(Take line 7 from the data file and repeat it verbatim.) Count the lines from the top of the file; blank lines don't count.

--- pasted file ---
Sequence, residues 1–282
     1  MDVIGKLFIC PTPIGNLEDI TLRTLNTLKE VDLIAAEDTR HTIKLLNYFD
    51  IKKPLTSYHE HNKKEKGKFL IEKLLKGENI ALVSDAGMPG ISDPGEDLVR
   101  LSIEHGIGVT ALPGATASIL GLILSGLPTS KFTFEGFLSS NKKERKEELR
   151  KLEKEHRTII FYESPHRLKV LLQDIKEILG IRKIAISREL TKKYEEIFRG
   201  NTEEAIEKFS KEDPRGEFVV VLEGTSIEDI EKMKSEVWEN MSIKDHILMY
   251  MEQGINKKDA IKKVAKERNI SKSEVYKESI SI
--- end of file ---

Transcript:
   251  MEQGINKKDA IKKVAKERNI SKSEVYKESI SI